From the top of my head to the tips of my toes, my body is slowly dehydrating. "Drying up" is what most people call it. I have entered what I affectionately call, "The Raisin Years."
Age is beginning to have its way with me. Body parts that once were thin are now thickening (think waistline) and I now know why many "women of a certain age" wear their hair extremely short. Now more salt than pepper in color, the few thin wisps that have managed to remain in the vicinity of my head are but a distant echo of days gone by when I sported a long, lush pony tail, a thick French roll, and even a 70's style Afro. Brook Shild eyebrows that once required weekly attendance are a thing of the past. I haven't plucked an errant eyebrow hair since 1984.
While normal hair growth has largely disappeared from the terrain one usually expects to find it; errant hairs have sprouted up in strange and unexpected places, like weeds making their way through cracks in a playground basketball court. I'm often shocked to discover one or more long, wild hairs stealthily growing out of my chin or the top of my forearms.
Disappearing hair is not the only victim of the aging process. Nails that once were smooth and strong now sport deep ridges and look, feel, and crumble like potato chips. I recently read that hand lifts are now the new frontier for cosmetic surgery.
It's tempting to contemplate the benefits of having renewed hands, but on second thought, I prefer to stick with the ones inherited from generations of ancestors who worked the land, peeled potatoes, darned socks, knitted caps and tended babies. I see my mother's earthy hands and gnarly fingers making an encore through the aging of my own. Perhaps I should take up knitting, just to see if I've inherited any of her talents in that department. Having grown up to the sound of knitting needles clicking through long winter nights, I've never felt called to take up the craft. But why else are my fingers beginning to twist and turn if not to be built-in hooks for yarn just waiting to be knitted and pearled into something functional, and perhaps even aesthetically pleasing?
George Bernard Shaw once said, "its a pity that youth is wasted on the young." It does seem unjust that we're not equipped to fully appreciate the gifts endowed by our youth until we've gained the perspective that only aging affords. As I gradually surrender to the inevitability of my body becoming more prune-like, I become aware of a deeper source of juice to sustain me going forward.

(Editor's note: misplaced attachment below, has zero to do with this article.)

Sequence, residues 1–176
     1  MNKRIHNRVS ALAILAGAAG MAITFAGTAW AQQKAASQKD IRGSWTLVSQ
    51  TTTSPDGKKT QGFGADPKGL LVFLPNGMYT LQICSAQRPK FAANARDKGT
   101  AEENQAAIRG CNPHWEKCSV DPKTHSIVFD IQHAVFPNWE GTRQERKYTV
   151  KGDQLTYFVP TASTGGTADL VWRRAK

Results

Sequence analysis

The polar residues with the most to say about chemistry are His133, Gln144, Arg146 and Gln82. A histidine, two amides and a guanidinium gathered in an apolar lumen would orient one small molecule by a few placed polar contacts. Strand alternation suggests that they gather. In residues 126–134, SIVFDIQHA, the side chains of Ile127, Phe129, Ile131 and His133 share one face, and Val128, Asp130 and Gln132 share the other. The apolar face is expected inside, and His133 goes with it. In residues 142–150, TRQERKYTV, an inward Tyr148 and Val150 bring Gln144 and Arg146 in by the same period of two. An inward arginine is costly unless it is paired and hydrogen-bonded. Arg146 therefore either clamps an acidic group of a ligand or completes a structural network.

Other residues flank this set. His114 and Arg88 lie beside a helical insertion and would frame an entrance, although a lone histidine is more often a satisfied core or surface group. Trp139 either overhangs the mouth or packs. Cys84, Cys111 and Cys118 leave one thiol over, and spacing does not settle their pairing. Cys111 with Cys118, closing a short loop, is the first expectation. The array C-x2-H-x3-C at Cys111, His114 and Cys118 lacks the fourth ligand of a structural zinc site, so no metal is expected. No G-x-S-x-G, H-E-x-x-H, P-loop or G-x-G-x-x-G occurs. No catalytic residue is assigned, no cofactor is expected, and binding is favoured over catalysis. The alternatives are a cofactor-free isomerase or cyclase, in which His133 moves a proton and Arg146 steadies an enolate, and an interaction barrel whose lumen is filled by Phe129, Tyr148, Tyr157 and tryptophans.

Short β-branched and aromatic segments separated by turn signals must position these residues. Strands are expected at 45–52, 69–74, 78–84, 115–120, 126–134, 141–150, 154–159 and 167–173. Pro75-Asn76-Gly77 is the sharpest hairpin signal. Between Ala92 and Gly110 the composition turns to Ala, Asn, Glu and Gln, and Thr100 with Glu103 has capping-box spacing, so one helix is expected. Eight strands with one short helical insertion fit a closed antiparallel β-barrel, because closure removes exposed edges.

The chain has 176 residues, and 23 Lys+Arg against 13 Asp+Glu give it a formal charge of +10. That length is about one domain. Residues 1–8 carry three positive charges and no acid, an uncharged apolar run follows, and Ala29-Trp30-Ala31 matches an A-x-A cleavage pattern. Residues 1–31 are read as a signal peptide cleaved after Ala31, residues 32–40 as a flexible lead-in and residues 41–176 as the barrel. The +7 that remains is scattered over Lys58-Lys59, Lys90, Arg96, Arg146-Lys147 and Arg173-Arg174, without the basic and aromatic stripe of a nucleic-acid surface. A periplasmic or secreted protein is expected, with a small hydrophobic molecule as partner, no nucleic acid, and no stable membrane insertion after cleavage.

Now that I've reached my autumn years, I've begun to sense the presence of new gifts waiting to be harvested. I see that the use of sheer will power can still produce results, and I can draw upon it when needed. But more and more, I feel the call to cultivate a more graceful approach. Learning to surrender to the flow of the river instead of struggling to swim upstream seems to make more sense these days. Call it economy of effort, or call it learning to hear the voice of a deeper wisdom, I am developing an appreciation for what is possible when I allow life to unfold on its own terms.
Cultivating a posture of surrender is not for the feint of heart. It is by no means a passive stance, but rather, requires a heightened awareness of the impermanence of life, the ability to be present, to show up for each moment and consciously choose who and how I want to be in this fleeting now.
I'm learning to accept that at the core of this warrior woman I've been all my life, lies a tender, vulnerable heart that has waited patiently for its turn to lead me into the mystery of what lies ahead. Like a grape that lingers on the vine gently being transformed by the sun's drying rays, I trust that in these "Raisin Years," I too am being distilled into the sweetest, richest essence of who I am.
This, I believe then, is the work of our elder years; to deepen the chalice of our Being by transforming the pain of loss and disappointment into the sweet wine of Wisdom and to drink heartily from the cup of Gratitude. Harvesting the gifts of the "Raisin Years" can be the blessing of a lifetime.
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